Many human resource leaders have a conflicted relationship with HR and benefits technology. And it’s only growing more complicated as employees demand easy-to-use technology and a personalized experience, and telecommuting and the gig economy gain popularity. Companies must also cope with the threat of cybertheft, and a surge of new vendors and products that touch every facet of the employer-employee interaction.
In light of these developments, the strategic management of HR and benefits technology has become essential.
Smart Business spoke with Gallagher’s Joe Roberts, area vice president of Benefits & HR Consulting, and Rhonda Marcucci, vice president of HR & Benefits Technology Consulting, about how to blend HR and technology.
What are the key workforce trends?
Employees are increasingly working from home and elsewhere. They expect HR systems and processes to accommodate their demands, and many want applications to be easy to use and personalized at a level that’s similar to smartphones. That’s especially true of millennials. Also, employers that participate in the emerging gig economy may hire temporary or part-time employees, even for core enterprise functions. To make sure these workers don’t cross eligibility thresholds for mandated benefits, employers must track contractors’ availability, schedule their work and support time-keeping.
How should employers navigate the proliferation of HR and benefits technology?
When salespeople push innovative products, employers must keep their underlying business objectives in mind. Advanced tools that streamline and enhance processes can certainly help engage, support and manage employees, from hire to retire. However, staying current on new capabilities and their potential value for HR operations is difficult. One risk is vendor updates to installed systems (often automatic) that deliver new and unknown functionality. This can lead to underutilized or duplicated capabilities.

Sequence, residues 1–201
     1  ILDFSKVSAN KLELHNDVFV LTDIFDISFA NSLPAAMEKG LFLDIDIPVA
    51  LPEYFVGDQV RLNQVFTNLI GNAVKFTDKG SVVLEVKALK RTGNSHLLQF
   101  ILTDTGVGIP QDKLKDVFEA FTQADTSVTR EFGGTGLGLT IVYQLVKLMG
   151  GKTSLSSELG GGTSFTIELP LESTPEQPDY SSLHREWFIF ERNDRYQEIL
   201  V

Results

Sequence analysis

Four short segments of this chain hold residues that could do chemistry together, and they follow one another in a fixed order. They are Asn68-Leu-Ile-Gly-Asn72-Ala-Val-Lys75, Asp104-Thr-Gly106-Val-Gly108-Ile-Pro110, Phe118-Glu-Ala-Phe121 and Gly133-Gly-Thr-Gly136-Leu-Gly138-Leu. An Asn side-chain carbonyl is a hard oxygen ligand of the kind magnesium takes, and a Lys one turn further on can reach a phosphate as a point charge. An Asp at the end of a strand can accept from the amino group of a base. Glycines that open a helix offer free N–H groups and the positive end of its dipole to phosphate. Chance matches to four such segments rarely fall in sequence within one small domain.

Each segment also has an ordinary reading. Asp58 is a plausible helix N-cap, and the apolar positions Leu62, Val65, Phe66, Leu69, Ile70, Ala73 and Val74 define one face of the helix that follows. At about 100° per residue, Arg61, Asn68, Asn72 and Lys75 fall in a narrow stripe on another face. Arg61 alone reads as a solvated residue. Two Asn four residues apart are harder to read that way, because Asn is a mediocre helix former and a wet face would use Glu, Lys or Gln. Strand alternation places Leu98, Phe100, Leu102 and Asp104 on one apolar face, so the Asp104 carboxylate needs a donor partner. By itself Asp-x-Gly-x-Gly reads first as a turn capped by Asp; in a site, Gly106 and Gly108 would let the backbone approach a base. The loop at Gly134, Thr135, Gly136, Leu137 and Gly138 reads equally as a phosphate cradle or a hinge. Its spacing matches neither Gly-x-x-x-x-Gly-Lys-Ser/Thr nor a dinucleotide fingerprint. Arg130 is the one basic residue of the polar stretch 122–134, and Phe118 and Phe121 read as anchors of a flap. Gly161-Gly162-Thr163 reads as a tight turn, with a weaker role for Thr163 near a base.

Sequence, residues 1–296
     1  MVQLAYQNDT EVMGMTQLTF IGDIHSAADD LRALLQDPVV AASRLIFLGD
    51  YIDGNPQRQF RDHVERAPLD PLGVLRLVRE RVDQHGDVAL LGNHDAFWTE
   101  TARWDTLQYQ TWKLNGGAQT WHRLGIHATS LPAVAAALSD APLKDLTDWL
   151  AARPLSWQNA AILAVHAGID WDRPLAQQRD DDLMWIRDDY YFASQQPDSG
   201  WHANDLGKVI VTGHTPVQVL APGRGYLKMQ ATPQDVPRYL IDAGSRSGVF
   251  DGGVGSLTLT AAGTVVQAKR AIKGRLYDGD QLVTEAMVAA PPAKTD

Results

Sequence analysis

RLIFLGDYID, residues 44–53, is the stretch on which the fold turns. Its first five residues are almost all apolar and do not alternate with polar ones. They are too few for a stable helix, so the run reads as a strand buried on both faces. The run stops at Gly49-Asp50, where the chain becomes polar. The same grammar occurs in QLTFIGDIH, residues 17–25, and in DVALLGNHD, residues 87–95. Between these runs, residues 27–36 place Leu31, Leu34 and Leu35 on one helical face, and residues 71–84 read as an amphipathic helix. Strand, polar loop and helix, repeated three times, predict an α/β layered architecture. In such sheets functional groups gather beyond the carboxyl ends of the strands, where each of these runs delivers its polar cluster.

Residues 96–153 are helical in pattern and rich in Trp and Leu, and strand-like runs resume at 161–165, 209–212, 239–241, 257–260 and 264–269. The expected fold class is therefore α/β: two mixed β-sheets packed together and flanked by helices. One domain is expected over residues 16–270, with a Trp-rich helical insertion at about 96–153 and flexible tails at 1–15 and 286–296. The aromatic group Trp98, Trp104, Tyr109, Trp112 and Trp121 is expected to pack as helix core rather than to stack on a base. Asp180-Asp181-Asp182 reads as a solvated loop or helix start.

Integration remains a challenge with no right answers — just trade-offs that should be carefully weighed. Even best-in-class solutions with better functionality may bring integration complications. Employers are purchasing an ongoing relationship with their service providers. Getting to know the company and its support philosophy — before committing — is a sound approach.
What can be done to protect employee data?
HR information systems are vulnerable to cyberthreats, and unfortunately no employer is free of this risk. Data loss can range from a misaddressed email that exposes one person’s information to breaches affecting thousands.
Investing in enterprise-wide technology is critical to identifying and stopping cyberattacks, but it’s just as important for HR leaders to work with corporate IT on safeguards. They should have clear sight into how data is collected, held and classified, who has access and which laws apply. In many cases, the greatest vulnerability is the HR team itself. Highly sophisticated phishing and other social engineering techniques may trick unwary employees into divulging information that enables access to sensitive data. One of the best protections is continual and thorough training.
If there’s a breach, a forensic analysis will determine its nature and extent. Companies may be reluctant to inform employees, but an apparent lack of transparency can be damaging when rumors circulate. To minimize fallout, employers need to engage a cybersecurity lawyer who is an expert on personnel data breaches.
What are the steps to better align technology with strategy?
Before decision-makers can align HR and benefits technology with the organization’s human capital management strategy, they need to clearly define that strategy. Next, they should window-shop to understand the range of available technology options. The last step is creating an HR technology governance committee to maintain the strategy, which includes staying on top of current technology releases.
Employers should also implement cybersecurity and incident response plans. These will train HR staff on phishing tactics and other risks, lay out the required internal responsibilities and sequence of necessary actions, and identify external management experts and their roles.
Insights Employee Benefits is brought to you by Gallagher